WHEN THEY LET THEM CHEAT
DEAR ABBY: I was raised from an early age that if you play a game, you have to play fair and obey the rules. Those rules were never bent regardless of what the game was or who we played with.
Over the years I have played games with many people, and while I realize it's possible for people to play the same game slightly differently, the rules still applied. What I don't understand is cheating.
A couple I know allow their children to play games with adults and let them cheat. What they're doing is obvious, and their parents even joke about it. I no longer enjoy playing with this family, but I don't know what to do or say. I have tried to subtly discourage and stop the deceptions, but I don't want to seem like a sore loser. Any suggestions? -- PLAYS BY THE RULES, URBANA, OHIO
DEAR PLAYS BY THE RULES: Yes. Do not play games with the family if the children are involved. It's not about being a sore loser; it's about not being a chump. By allowing their children to ignore the "rules," these parents are sending the message that rules don't apply to them. Because the children cheat when they play with you, it's safe to assume that they think it's acceptable to do it with other kids. And when their contemporaries realize what's going on, who do you think won't be allowed to join their games -- or anything else? Look at it this way: From little cheaters, big cheaters grow.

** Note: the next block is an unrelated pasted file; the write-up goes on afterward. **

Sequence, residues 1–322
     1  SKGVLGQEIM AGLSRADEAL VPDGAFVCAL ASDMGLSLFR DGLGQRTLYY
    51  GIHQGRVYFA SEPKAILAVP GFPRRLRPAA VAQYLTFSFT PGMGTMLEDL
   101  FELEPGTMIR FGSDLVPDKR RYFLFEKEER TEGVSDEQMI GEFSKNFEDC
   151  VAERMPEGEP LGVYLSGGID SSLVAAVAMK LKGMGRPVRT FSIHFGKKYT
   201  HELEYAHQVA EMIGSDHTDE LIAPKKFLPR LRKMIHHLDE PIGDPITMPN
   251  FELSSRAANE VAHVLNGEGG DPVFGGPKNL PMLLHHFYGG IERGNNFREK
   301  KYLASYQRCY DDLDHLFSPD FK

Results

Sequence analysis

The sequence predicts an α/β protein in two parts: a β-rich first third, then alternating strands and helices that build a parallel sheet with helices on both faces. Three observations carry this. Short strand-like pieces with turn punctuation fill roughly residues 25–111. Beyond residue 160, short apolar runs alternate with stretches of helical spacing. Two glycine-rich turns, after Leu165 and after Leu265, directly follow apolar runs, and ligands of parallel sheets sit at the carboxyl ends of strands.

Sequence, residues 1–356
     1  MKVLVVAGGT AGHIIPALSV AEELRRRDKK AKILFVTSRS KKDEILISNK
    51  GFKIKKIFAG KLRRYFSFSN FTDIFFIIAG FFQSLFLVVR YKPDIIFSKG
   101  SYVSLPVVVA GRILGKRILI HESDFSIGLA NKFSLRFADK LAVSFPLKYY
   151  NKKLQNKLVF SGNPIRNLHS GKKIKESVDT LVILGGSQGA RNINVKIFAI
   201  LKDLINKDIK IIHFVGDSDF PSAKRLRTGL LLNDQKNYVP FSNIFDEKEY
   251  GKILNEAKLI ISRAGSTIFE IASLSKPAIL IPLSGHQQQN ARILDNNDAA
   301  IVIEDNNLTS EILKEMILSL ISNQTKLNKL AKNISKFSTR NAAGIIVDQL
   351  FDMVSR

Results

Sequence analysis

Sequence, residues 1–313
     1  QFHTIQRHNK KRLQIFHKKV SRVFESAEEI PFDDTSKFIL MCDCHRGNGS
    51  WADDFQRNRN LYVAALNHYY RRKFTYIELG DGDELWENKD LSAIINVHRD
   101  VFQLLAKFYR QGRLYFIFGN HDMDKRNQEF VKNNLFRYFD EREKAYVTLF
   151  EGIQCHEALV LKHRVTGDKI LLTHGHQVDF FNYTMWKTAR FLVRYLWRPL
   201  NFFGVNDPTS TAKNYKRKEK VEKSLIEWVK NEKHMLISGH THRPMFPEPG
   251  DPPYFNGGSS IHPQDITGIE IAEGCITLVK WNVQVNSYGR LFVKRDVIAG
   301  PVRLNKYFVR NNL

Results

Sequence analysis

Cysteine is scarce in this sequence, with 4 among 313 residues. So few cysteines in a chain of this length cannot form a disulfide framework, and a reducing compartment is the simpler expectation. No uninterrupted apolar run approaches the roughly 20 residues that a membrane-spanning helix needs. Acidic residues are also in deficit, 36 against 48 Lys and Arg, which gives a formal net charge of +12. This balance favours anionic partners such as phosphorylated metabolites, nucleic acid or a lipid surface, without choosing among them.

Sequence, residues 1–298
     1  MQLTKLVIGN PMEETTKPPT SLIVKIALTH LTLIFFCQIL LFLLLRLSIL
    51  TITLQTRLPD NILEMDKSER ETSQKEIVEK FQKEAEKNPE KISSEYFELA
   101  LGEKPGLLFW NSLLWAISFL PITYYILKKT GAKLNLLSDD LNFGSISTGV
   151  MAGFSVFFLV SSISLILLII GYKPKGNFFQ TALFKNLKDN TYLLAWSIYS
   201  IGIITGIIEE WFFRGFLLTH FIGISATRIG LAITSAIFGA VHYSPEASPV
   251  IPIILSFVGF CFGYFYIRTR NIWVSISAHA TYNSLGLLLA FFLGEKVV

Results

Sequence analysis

DEAR ABBY: My sister-in-law has just informed me that she doesn't think it is as important for her daughters to attend college as it is her sons.
My mother-in-law recently made a crack about my finances because she knows I'm paying off my student loans for two degrees.
My father-in-law can't understand what "all the fuss is about" now that my oldest daughter is preparing for college.
Abby, I have friends in their 30s and 40s who, for one reason or another, are single women supporting themselves. Even some who have degrees are struggling, but they are able to own their own homes because they are able to earn decent salaries.
What should I say when my mother-in-law and sister-in-law put me down for higher learning? Neither of them went to college or has ever worked. They would be on welfare if they didn't have their husbands' income. By the way, I'm not having any problem paying back my student loans, and my husband is proud of my accomplishments. -- EDUCATED IN TENNESSEE
DEAR EDUCATED: Your mother-in-law and sister-in-law are misguided. They do not understand the financial realities that exist for women today because they have never been exposed to them. Nothing that you can say to them will change their mind-set.
So rather than respond to their naive comments, take every opportunity to encourage your nieces to pursue their educations so they can live independent lives. And pray that your father-in-law and brother-in-law leave their wives well-provided-for should tragedy strike, because otherwise they could wind up on your doorstep.
Good advice for everyone -- teens to seniors -- is in "The Anger in All of Us and How to Deal With It." To order, send a business-size, self-addressed envelope, plus check or money order for $6 (U.S. funds only) to: Dear Abby, Anger Booklet, P.O. Box 447, Mount Morris, IL 61054-0447. (Postage is included.)